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D.4038.4b7. (3.b) A. 'di la kun gzhi rnam par shes pa ni rnam pa gnyis kyis 'jug pa'i rnam par shes pa'i rkyen gyi bya ba byed de / sa bon gyi gnos po dang rten byed pas so. 20 D.4038.5a2-3. (3.b)A.2.). yid dang yid kyi rnam par shes pa'i gnas kun gzhi rnam par shes pa yod na / yid dang yid kyi rnam par shes pa yang 'byung bar 'gyur gyi med na ni ma yin no. 21 D.4038.5a3. (3.b)B. de la 'jug pa'i rnam par shes pa ni rnam pa gnyis kyis kun gzhi rnam par shes pa'i rkyen gyi bya ba byed de / tshe 'di la sa bon yongs so brtas par byed pa dang. 22 D.4038.5a4-6 (3.b)B.1. de la tshe 'di la sa bon yongs su brtas par byed pa ni/ ji lta ji ltar kun gzhi rnam par shes pa la brten pa 'jug pa'i rnam par shes pa dge ba dang/ mi dge ba dang/ lung du ma bstan pa 'byung bar 'gyur ba de lta de ltar rang gi rten la rten de dang lhan cig skye ba dang 'gag pas bag chags sgo bar byed do// rgyu de dang rkyen des na 'jug pa'i rnam par shes pa rnams kyang phyir zhing phyir zhing dge ba la sogs pa'i dngos pos shin tu brtas pa dang/ shin tu sbyangs pa dang/ shin tu 'od gsal ba dag tu 'byung bar 'gyur ro.

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laya-vijna; as the text states, the two kinds of vijna mutually condition each other. This process is apparent in the gradual acquisition of skills or habits, where repetition leads to routinization, refinement, and habituation, both physiological and psychological. This process was difficult to explain in standard abhidharma systems in which only present dharmas were real and the effects of past experience were largely consigned to ad hoc categories. A model of mind based on with multiple, simultaneous and interactive processes, however, more easily explains the process of gradual change in dharmic terms. This process occurs simultaneously as well as sequentially, since both levels of awareness are arising and ceasing simultaneously (lhan cig skye ba dang 'gag pas) with each other. Even the perception of a simple object, such as a red ball, requires the coordinated activity of both conscious and unconscious processes such as attention, an unimpaired visual faculty, and cognitive predispositions that include the concept ball, etc.most of which occur outside our immediate awareness. And since many of the manifest cognitive processes that are thought to occur in every moment of mind, such as feeling (vedan), are themselves the result of previous causal conditions, there are very few moments in which seeds are not coming into fruition, just as there are very few moments in which seeds or impressions (vsan) are not being infused into laya-vijna through ones intentional actions. In sum, the mutual conditionality (anyonya-pratyayat) between laya-vijna and pravtti-vijna is a continuous, accumulative and constructive process. This is a dynamic constructivist theory of cognition in which the way that objects appear is constructed or determined by our capacities to perceive and conceive them, while these capacities themselves only develop through recurrent cognitive experience that goes well beyond the abhidharma context in which it originated. The text stated that it is the karmically positive, negative or neutral actions that seed and infuse laya-vijna. It did not, however, indicate what instigates those actions, that is, what makes them karmically effective. But for Buddhists, the conative or volitional dimensions of behavior are even more important than the cognitive dimensions. The laya Treatise thus proceeds to discuss these as well. 4. The next section of the laya Treatise23 discusses the processes that arise simultaneously with laya-vijna (sahabh-pravtti-vyavasthna), clearly establishing its status as a distinct stream of mind, while introducing another distinctive kind of process called mentation (manas)a continuous, yet subliminal sense of self-centeredness. It is the second innovative concept in Yogcra cognitive theory. The text states that laya-vijna (which is both hedonically neutral and karmically indeterminate, avykta), can occur simultaneously with all manner of manifest mental processes:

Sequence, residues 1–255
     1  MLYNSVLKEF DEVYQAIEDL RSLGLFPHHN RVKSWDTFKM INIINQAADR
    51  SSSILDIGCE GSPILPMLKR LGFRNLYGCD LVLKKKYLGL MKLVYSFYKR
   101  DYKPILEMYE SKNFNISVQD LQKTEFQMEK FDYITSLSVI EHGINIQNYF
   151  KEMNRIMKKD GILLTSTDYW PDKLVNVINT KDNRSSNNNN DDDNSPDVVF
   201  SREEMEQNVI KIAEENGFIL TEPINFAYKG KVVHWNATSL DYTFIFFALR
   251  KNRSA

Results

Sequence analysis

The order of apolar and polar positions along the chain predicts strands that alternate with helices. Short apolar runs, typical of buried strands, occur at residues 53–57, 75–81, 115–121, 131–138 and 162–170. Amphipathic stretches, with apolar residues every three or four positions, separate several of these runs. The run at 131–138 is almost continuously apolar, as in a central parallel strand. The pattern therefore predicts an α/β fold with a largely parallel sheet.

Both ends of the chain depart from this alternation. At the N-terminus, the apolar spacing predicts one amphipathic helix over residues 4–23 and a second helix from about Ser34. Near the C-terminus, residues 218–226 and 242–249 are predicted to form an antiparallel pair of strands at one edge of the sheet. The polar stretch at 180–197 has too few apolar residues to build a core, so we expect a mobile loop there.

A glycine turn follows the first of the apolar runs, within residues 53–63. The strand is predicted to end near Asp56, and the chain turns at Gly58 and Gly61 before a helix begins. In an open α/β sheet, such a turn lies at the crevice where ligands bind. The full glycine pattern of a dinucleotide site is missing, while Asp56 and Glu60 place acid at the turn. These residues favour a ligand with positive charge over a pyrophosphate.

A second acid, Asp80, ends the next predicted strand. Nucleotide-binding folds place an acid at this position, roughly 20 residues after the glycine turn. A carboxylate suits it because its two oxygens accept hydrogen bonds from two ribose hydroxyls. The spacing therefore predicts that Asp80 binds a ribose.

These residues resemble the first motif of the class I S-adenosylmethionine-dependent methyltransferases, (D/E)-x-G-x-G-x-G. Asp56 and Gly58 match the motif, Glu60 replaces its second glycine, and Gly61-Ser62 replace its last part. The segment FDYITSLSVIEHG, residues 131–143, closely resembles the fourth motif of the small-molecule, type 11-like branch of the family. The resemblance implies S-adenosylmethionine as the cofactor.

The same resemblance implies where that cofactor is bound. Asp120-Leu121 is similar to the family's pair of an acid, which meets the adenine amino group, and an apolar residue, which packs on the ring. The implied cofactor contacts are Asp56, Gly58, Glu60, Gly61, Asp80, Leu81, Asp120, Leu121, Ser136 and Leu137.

In this way, laya-vijna arises and functions concurrently with the [forms of] active cognitive awareness. It also arises and functions concurrently with [their] incidental (gantuka) feelings, as well as with [their] incidental skillful, unskillful, and indeterminate mental factors (caitasika-dharma). But it is not said to be conjoined (saprayukta) with them. Why is that? Because it arises
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Section 4: D. 5a77a1; H. 580b29581a24; P. 1019c61020a13.

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with a different object (asamlambana).
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Since laya-vijna has its own accompanying conditions, associated (saprayukta) mental factors and cognitive objects, it constitutes a distinctive stream of mind in its own right. But even before stating that laya-vijna could arise simultaneously with the traditional six forms of active cognitive awareness, the section introduces its new notion of manas:
Sometimes laya-vijna arises concurrently (saha pravartate) with just one of the [forms of] active cognitive awareness, for example, with mentation (manas). In this way, the mentation (manas)whose mode (kra) is conceiving (manyan) Imaking (ahakra) and the conceit I am (asmimna)always arises and functions simultaneously with laya-vijna in states with mental activity (sacittaka) and even in states lacking mental activity (acittaka). That [mentation] has the mode of taking laya-vijna as [its] object and conceiving [it] as I am [this] (asmti) and [this is] I (aham iti).25